Darwinism

Darwin lobby’s article disowned by journal?: The real lessons

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I commend to all DonaldM’s backgrounder on this news, which broke last night, about the journal Synthese disowning the attack on Christian scholar* Frank Beckwith published in its pages by one of Darwin’s familiar broomsticks .

If someone has to put a stopper in, Synthese might as well be first. It’s their journal, after all.

But let’s not lose sight of two critical facts:

First, the only real reason Synthese had to disown Forrest’s attack is that Beckwith is not an ID sympathizer, and Forrest had assumed he was. That is the substance of his rebuttal, and the true reason the journal had to act.

Forrest would likely have been free to publish any factual inaccuracy she pleased about an ID researcher, however impeccable, without comment or penalty.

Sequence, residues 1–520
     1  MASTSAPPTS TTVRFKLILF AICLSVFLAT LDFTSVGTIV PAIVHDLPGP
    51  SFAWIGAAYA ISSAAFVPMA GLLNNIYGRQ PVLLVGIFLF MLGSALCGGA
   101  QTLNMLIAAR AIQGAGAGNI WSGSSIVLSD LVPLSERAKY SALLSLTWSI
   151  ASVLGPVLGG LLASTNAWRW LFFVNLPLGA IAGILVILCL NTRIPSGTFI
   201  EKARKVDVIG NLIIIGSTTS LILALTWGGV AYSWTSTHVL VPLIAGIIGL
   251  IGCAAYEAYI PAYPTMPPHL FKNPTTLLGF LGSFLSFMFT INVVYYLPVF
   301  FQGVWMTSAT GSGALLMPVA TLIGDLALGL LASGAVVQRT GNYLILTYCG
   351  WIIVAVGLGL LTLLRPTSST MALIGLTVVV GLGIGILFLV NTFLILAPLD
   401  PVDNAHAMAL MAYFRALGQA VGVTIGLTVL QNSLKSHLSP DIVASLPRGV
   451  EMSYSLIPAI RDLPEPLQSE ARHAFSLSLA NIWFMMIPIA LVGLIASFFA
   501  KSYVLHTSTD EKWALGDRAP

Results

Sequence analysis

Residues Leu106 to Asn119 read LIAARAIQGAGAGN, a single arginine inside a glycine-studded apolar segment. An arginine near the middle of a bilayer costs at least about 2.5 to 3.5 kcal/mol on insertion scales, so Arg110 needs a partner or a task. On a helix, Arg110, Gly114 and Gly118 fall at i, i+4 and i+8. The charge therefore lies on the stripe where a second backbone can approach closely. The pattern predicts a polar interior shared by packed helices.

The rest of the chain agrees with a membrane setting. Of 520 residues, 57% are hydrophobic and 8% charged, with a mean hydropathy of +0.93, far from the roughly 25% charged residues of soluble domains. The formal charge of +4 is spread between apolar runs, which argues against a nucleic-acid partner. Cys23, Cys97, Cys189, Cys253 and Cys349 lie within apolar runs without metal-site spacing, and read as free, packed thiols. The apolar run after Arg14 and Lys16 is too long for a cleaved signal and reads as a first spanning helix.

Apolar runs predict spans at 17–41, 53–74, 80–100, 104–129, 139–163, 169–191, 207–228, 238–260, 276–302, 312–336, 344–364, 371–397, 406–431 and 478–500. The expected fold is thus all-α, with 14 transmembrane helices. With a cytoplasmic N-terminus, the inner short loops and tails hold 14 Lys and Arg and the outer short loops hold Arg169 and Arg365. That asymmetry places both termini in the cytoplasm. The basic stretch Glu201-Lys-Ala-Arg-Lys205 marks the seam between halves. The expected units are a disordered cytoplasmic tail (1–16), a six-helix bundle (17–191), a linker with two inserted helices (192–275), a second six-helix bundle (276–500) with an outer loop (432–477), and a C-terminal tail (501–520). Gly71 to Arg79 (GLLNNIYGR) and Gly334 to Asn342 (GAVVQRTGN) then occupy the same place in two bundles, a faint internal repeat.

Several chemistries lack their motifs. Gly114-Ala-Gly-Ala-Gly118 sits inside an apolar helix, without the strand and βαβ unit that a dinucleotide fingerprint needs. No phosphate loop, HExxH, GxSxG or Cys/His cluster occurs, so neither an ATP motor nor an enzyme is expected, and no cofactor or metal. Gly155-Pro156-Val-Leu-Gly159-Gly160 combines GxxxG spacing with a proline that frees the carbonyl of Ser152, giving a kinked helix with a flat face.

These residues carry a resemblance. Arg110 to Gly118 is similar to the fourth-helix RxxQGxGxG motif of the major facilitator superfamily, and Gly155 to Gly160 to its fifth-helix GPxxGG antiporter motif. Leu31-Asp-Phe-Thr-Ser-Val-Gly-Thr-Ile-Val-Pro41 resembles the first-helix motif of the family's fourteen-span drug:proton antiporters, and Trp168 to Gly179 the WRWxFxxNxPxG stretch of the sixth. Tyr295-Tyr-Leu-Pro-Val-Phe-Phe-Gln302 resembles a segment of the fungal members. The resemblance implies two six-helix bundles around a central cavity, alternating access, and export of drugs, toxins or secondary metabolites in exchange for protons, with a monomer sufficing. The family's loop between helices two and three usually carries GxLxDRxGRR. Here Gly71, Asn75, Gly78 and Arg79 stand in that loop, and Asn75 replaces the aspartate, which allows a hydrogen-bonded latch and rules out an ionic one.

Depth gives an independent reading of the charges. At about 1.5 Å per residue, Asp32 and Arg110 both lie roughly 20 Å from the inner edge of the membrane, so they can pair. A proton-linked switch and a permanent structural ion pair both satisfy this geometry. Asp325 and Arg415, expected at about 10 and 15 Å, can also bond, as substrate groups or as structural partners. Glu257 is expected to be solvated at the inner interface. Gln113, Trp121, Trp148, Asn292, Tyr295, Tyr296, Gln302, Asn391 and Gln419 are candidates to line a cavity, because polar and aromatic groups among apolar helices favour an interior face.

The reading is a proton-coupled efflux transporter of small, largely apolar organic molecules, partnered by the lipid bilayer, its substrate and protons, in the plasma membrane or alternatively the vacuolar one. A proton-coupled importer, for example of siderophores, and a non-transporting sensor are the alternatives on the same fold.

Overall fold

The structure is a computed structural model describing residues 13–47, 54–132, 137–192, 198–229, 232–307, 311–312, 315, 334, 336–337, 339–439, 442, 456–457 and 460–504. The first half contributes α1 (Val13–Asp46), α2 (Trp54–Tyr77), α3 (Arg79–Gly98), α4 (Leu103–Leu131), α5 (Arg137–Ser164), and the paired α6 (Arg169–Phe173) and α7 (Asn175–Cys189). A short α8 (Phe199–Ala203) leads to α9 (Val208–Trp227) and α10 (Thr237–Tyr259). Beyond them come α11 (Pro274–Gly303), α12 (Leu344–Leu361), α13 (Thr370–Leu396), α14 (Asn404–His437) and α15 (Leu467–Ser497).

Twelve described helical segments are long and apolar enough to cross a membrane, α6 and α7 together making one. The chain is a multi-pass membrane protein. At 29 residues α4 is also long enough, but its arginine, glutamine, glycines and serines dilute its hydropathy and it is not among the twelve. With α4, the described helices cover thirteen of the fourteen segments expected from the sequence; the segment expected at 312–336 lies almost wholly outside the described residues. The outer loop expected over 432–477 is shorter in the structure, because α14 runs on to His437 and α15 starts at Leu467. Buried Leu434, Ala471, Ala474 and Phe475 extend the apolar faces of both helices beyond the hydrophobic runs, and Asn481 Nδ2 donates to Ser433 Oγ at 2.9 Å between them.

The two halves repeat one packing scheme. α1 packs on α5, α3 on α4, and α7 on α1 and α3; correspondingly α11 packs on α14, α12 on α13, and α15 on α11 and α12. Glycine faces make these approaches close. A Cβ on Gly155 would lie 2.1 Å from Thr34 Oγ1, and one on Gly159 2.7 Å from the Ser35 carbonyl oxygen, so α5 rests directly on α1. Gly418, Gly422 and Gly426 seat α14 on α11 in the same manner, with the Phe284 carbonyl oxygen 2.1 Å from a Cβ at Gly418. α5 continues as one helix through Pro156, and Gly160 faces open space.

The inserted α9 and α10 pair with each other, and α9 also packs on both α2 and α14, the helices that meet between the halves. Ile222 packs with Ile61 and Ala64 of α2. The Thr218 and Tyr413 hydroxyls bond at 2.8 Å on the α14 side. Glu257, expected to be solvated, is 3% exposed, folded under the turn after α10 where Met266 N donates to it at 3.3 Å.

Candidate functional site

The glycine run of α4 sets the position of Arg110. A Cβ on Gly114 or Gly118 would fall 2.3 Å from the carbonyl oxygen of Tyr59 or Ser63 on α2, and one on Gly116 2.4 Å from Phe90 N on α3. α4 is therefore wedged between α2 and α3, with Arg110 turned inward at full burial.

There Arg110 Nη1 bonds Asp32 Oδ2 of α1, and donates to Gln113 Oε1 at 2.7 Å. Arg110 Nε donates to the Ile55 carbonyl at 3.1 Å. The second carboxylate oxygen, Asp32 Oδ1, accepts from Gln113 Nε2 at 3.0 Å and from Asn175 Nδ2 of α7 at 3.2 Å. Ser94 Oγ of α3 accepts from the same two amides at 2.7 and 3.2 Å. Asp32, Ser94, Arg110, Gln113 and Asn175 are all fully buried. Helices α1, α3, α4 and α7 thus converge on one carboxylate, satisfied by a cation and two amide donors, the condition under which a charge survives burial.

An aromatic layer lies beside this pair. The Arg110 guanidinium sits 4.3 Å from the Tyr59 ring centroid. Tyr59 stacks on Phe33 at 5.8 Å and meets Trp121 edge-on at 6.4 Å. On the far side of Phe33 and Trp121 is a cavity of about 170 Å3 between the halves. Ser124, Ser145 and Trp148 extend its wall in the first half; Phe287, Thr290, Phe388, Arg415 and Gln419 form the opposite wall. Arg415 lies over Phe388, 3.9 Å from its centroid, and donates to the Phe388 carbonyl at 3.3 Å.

Second, that’s one way you can tell that ID is a far more serious critique of materialism than Beckwith’s Thomism is ever going to be. Beckwith can go on to have a productive career as a philosopher who poses no threat to anyone while ”potentially evangelical” astronomer Martin Gaskell was denied a justly earned position on the basis of cackles heard from another of Darwin’s broomsticks overhead, from roughly the vicinity of Oakland, CA.

Note: Earlier this decade, Beckwith was the subject of unscholarly assaults during a Baylor tenure process, and I wrote about it here, here, and here. It seems clear in retrospect that the assaults stemmed more from his known pro-life stand than from his assumed association with ID, but the latter certainly did not help. Essentially, the man was considered sympathetic to ID because he acted like a philosopher addressing a philosophical issue, rather than swearing allegiance to a shrill lobby, a growing and costly blight on academic life.

Now, I am glad to say, he is free to work in peace. And the ID guys are free to matter.

And I know where the main story is.

*Earlier, I had written that he was a constitutional law scholar. Actually, he is in philosophy and church-state studies.

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